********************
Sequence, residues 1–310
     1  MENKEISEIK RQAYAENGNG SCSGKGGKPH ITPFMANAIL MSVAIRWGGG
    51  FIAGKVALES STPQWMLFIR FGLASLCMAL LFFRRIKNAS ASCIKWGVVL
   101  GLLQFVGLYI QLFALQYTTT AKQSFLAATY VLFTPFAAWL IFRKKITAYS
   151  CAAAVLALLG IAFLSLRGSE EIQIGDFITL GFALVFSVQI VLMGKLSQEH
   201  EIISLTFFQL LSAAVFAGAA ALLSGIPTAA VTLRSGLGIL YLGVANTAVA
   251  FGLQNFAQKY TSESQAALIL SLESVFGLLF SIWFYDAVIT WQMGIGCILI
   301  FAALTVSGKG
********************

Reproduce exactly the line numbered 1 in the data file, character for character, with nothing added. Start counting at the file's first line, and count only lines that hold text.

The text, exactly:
Sequence, residues 1–310